Wednesday, March 31, 2010

Easy as 1 - 2 - 3

There is nothing that can match the aroma and flavour of vanilla. When it comes to baking and cooking, I use more vanilla extract than any other flavouring. Most of the world’s vanilla is grown in Bourbon, which is a small region in Madagascar and in parts of Indonesia. Growing and producing vanilla is incredibly complex and labour intensive, which contribute to making it the second most expensive spice in the world.

I have been making my own vanilla extract for some time now and am delighted with the results that I get. I am happy to add that there is nothing easier to make. I simply fill a clean, dry, large mason jar with good quality vodka, add ten or more whole vanilla beans, seal the jar, store in a cupboard and then just wait. With time, that amazing vanilla goodness gradually becomes infused in the vodka. I have found that a minimum of six months waiting time is ideal for an intense flavoured vanilla extract. When the vanilla extract is ready for use, I strain it, either through cheesecloth or a very fine mesh strainer, into small bottles. I then add half of a vanilla bean into each of the small bottles, so that the extract can continue to intensify.

Making my own vanilla extract is much more cost effective than purchasing good quality vanilla. Another advantage is being able to use the seeds from the beans to add to crème anglaise, ice cream, custards and much more. To extract the seeds from a vanilla bean, run the tip of a sharp knife down the bean from end to end. Then use the flat edge of the knife to scrape out the seeds. After I have removed the seeds, I put the bean back into the large jar of vanilla extract.

If you want to make your own vanilla, I would suggest looking for “Madagascar-Bourbon” vanilla beans, as this variety is an excellent quality bean. There are a number of places to find vanilla beans, including specialty stores and large farmers’ markets. It pays to comparison shop for quality beans and price. Avoid vanilla beans that are dried out and break easily, as these beans are past their prime. Once you start making your own vanilla, like me, you will probably never go back to “store bought” vanilla extract again.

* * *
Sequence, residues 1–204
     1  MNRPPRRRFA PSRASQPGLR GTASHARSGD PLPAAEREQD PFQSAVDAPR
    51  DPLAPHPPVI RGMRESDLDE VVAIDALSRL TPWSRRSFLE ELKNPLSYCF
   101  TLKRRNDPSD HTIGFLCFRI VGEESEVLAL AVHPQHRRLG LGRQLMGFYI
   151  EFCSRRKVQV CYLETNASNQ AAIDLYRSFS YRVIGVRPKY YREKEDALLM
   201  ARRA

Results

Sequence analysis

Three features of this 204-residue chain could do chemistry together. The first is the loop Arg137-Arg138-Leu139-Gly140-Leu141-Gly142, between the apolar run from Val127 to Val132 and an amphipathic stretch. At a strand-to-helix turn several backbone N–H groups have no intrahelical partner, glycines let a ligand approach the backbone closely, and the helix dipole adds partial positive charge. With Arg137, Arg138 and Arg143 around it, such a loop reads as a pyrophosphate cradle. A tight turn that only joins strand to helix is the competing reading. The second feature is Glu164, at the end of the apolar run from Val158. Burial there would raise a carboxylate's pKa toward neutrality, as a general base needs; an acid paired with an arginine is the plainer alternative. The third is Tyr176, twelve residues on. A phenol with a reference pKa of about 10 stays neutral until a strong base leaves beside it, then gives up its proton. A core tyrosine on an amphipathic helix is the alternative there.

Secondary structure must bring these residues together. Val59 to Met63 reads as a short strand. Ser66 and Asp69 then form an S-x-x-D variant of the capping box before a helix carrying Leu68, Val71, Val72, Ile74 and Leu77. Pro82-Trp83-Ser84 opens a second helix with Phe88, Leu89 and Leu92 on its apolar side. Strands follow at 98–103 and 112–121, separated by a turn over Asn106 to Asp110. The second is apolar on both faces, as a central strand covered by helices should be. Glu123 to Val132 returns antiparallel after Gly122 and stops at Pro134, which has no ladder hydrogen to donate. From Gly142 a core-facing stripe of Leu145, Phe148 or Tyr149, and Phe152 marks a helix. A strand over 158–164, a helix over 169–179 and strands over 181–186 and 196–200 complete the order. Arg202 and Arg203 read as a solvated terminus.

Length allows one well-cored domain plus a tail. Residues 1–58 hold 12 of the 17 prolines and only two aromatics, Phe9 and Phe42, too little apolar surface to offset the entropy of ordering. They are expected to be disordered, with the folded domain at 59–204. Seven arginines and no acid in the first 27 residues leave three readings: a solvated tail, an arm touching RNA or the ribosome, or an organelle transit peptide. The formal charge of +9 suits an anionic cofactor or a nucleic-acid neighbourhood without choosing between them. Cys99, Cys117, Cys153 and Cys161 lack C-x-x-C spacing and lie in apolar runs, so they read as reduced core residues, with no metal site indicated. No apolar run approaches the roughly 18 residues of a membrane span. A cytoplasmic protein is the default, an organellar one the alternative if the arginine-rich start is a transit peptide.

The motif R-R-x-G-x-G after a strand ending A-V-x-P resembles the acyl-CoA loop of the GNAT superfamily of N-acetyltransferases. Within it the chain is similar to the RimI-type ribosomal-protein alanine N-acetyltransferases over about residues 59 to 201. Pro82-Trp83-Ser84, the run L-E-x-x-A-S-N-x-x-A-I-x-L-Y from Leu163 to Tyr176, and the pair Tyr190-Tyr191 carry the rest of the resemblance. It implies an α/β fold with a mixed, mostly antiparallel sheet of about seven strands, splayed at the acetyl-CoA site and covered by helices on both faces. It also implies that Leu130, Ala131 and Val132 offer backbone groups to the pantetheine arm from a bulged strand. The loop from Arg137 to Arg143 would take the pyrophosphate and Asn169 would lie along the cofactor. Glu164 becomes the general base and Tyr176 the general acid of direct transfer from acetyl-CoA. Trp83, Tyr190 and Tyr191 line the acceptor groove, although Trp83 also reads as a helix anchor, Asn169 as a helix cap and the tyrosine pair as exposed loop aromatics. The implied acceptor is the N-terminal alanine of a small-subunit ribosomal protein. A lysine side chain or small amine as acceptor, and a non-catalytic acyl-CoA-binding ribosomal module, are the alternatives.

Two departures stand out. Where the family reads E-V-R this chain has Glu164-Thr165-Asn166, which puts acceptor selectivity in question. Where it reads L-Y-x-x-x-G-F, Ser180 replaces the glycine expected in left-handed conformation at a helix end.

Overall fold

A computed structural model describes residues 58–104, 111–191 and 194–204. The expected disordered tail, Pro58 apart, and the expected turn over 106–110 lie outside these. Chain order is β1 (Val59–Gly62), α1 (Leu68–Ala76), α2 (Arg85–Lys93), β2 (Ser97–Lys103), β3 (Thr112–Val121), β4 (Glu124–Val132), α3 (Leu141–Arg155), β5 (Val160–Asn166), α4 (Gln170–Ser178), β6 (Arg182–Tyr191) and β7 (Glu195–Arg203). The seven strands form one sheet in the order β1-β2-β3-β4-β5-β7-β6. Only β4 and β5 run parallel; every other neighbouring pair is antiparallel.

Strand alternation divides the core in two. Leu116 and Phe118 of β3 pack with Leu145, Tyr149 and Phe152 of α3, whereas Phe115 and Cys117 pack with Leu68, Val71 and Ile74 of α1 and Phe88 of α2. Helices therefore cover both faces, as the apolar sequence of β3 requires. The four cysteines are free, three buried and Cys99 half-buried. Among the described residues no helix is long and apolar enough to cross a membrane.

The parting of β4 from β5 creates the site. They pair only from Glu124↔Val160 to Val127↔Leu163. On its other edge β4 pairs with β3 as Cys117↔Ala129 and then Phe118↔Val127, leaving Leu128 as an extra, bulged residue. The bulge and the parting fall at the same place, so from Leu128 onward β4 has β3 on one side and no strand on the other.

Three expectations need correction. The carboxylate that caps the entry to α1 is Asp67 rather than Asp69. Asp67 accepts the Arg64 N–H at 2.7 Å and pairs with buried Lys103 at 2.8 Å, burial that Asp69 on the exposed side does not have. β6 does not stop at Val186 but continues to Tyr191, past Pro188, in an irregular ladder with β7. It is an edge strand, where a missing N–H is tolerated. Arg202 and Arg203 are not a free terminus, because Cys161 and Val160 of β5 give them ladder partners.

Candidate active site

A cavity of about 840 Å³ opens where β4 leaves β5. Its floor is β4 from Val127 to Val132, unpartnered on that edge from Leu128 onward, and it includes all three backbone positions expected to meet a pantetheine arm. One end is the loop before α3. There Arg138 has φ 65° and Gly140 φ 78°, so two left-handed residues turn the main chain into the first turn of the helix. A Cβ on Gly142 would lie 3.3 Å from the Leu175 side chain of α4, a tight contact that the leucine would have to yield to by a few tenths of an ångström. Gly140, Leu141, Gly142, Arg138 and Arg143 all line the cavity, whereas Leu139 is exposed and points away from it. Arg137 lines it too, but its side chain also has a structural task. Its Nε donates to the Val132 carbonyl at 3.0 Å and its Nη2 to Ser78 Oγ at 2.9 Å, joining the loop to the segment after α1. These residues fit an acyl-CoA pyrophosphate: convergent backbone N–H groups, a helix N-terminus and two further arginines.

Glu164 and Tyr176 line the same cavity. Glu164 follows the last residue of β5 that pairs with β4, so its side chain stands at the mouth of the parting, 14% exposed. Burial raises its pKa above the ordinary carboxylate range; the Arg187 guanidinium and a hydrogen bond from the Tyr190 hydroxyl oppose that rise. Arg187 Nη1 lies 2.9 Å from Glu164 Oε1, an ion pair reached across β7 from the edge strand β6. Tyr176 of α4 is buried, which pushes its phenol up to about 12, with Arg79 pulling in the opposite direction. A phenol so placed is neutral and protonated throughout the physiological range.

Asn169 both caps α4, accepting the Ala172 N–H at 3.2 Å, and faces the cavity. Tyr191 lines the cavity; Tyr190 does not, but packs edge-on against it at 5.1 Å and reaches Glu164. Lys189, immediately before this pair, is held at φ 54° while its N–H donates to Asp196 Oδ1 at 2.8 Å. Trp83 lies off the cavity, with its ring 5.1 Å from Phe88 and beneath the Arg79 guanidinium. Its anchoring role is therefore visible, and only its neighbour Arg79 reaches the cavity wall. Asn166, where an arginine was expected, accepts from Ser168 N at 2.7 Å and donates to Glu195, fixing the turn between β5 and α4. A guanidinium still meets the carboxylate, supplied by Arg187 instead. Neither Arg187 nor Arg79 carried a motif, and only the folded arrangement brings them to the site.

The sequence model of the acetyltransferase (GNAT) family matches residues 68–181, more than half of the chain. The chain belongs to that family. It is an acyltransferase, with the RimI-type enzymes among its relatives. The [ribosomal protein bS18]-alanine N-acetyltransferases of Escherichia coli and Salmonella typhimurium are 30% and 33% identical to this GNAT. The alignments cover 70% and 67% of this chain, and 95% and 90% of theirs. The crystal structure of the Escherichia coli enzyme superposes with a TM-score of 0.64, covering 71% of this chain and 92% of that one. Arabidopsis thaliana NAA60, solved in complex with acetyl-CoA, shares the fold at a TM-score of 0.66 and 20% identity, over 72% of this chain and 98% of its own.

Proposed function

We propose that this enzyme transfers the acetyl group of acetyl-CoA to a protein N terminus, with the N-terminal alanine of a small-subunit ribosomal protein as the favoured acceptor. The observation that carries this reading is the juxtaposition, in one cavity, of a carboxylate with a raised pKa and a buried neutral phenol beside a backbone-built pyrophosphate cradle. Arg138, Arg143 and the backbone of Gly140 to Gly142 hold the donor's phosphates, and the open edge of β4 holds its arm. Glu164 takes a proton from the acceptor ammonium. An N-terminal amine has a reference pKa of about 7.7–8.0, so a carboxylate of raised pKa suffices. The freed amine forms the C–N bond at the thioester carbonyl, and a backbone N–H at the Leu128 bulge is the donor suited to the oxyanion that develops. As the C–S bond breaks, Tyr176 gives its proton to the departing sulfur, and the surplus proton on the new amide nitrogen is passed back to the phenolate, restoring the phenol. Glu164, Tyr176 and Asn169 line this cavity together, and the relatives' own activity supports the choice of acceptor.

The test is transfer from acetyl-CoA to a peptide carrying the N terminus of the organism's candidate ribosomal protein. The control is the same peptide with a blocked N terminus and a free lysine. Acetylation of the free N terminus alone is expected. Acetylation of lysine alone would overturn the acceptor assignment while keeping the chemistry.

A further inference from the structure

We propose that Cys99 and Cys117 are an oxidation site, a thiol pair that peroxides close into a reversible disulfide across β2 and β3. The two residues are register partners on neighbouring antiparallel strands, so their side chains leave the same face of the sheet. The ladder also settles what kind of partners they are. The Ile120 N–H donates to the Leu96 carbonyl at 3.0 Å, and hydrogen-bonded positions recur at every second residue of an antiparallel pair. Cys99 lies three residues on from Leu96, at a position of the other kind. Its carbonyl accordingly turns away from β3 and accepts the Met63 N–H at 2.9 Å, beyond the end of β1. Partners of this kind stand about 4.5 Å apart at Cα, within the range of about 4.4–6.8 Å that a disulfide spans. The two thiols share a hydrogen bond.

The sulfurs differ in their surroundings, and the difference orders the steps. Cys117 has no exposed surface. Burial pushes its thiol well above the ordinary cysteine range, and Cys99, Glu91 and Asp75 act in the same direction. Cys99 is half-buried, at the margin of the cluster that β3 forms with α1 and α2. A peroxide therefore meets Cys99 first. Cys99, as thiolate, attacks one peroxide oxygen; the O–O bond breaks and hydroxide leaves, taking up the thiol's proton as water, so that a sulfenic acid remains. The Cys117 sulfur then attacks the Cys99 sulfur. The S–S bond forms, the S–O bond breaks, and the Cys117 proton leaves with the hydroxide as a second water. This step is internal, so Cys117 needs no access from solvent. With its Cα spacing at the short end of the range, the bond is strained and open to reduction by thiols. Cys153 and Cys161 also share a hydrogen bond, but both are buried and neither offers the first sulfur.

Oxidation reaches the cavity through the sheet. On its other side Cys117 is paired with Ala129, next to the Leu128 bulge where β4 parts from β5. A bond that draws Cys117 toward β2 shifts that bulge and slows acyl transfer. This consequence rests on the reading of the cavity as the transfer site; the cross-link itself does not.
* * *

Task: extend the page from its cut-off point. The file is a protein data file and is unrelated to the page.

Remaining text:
1. I'm sad to say that I use NO FRILL's Vanilla Flavouring, and not real extract. But I think that's because I don't do much in the way of baking, so buying real vanilla extract isn't a priority. But I love your idea of making your own!
    What brand of vodka do you use? I think I could find vanilla beans in either Kensington market or the St Lawrence market here in Toronto. I think I will try it, and dump the no frills! Great post! :D

  2. Thanks! Any flavourless vodka will do, but I prefer a premium vodka such as Grey Goose or Finlandia. Although it's costly to start the vanilla extract, you can keep it going by topping up the large jar with vodka when you remove some extract for use, and by adding an additional vanilla bean occasionally. Because it is vodka based, stored properly it will keep for years. Artificial vanilla can contain artificial colouring, added sugar and either lignin, which is a by-product of the paper industry, or guaiacol (industrially produced). Homemade vanilla extract also makes great gifts!

  3. Vanilla is one of my favorite flavors. I don't do a lot of baking but I know real vanilla extract would taste a lot better than my fake Club House brand vanilla extract. I actually love to flavor sparkling water with a little vanilla extract and liquid sweetener (I use Stevia). I will keep my eye out for vanilla beans.